Winning back the public’s trust
The fall of Lehman Brothers last September triggered a collapse in financial markets, and then the real economy. It also signaled a further decline in the public’s trust in business. One year on, has anything changed?
At the start of 2009, only 36 percent of the U.S. public trusted business to “do what is right”—down dramatically from 59 percent one year before—according to surveys from the PR firm Edelman. But as of this July, trust levels in business had recovered somewhat, to 48 percent. Yet just as with the economic recovery overall, it is far too early to declare victory.
This is about more than winning a popularity contest. Without the public’s trust, business faces cynical consumers, unhappy employees, and public officials that tap into this mood with punitive legislation: hardly the conditions most companies want and need.
Before considering how to make further progress, it’s best to diagnose how this happened.
Inevitably, an economic decline brings a fall in trust. When large swaths of the public feel insecure economically, business suffers, too. We like the private sector a lot more when unemployment is at 5 percent than we do when it nears 10 percent.
Business is also represented by some rather unsavory figures in the public mind right now. Bernie Madoff and John Thain symbolize this economic downturn, and for some, they symbolize the entire business community, regardless of whether their sins are widely practiced.
But the core of the problem is this: In the eyes of many, the objectives of the business sector are disconnected from broader social purposes. As UK Financial Services Secretary Lord Paul Myners said not long ago, too many in the financial services industry “had no sense of the broader society around them.”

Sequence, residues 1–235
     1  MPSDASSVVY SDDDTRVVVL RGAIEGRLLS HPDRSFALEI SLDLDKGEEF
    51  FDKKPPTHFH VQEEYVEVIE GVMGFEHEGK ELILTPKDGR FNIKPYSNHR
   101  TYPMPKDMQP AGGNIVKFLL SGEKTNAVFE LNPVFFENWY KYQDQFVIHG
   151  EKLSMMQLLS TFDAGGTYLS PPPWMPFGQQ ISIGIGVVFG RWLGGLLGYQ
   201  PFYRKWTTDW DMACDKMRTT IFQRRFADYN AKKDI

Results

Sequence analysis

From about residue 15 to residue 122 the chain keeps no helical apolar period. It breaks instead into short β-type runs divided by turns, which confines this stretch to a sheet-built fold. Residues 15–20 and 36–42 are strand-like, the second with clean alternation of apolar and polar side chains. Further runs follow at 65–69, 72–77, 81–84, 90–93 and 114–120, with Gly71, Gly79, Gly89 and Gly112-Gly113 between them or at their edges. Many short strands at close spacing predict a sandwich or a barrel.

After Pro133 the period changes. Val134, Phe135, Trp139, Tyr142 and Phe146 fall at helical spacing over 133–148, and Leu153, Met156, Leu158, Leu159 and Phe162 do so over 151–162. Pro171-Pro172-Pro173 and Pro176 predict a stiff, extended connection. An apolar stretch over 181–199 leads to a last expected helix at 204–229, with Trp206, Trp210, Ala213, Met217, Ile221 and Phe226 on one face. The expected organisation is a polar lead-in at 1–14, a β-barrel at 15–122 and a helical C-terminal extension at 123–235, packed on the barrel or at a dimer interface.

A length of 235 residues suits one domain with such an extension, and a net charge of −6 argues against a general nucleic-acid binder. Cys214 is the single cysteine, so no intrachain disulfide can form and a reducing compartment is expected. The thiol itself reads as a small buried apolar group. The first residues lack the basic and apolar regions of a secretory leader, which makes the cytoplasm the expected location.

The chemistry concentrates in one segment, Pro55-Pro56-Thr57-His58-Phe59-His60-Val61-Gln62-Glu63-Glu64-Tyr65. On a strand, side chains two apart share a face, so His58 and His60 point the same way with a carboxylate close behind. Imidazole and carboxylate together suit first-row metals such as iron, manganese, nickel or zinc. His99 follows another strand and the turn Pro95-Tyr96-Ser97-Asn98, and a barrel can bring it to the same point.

That’s why so many people conclude that the economy is rigged against them. When business is viewed as consumed only with its own interests, and not wider public needs, the public is destined to be more cynical about its objectives. This is especially true as the debates over health care and climate change roll on.
The Edelman survey shows that there are some green shoots of trust beginning to develop. Just as with the overall economy, it is not guaranteed that these improvements will last. To make that happen, there are several steps business can take.
First is to restore the public’s sense that business exists to serve a larger purpose than producing quarterly profits. Business is, in fact, critical to our collective ability to make progress on our most pressing global challenges. We see companies from Nike to IKEA to GE making substantial investments in reducing climate change, and companies like Levi’s and Coca-Cola are exploring new ways to use water more efficiently. The shift to sustainable business is well underway, and is a core asset in the re-establishment of trust.
At key points in our history, business has earned the trust of the American public by embracing collective challenges, not by taking an “every company for itself” approach. That principle holds true today.
According to Edelman’s survey, nearly 90 percent of respondents said they would trust companies that drive better innovation by investing in research and development. We are again at a turning point when more companies should focus on building a different kind of future. Some are already: Starbucks is looking to support a fully functioning health care system, Clorox and SC Johnson are innovating to reduce the chemicals in all our households, and Procter & Gamble is developing water-purification products that meet the needs of people at the “base of the pyramid.”
We also need a greater link between these innovations and business’ lobbying efforts. For some time, there has been a concern that companies trumpet their green credentials on the one hand, while working to reduce public policy reforms on the other. With health care and climate change debates coming to a head this fall, there is a need for greater alignment between green messaging and lobbying—this will pay big dividends for the private sector and for public policy.
Business should look to remake the incentive structure to develop products and services we really need. Too often today’s markets create incentives that point in the opposite direction. Markets—including investors—prize short-term profits over long-term value. Compensation schemes cause executives to sacrifice innovations for the long haul. Had incentives for long-term thinking been in place sooner, rewarding leaders pushing for more fuel-efficient cars, rather than the SUVs that seemed like a good idea at the time, Detroit might be in a better position than it is now.
Business has a chance over the next few months to write a new chapter and align its interests with those of the public as we face the many global challenges ahead. Indeed, that is the only way for business to rebuild public trust and ensure a sustainable economic recovery.